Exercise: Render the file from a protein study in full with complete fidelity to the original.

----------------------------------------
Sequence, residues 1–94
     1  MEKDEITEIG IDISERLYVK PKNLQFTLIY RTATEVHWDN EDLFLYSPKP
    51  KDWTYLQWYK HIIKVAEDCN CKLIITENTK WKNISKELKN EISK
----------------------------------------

Sequence, residues 1–94
     1  MEKDEITEIG IDISERLYVK PKNLQFTLIY RTATEVHWDN EDLFLYSPKP
    51  KDWTYLQWYK HIIKVAEDCN CKLIITENTK WKNISKELKN EISK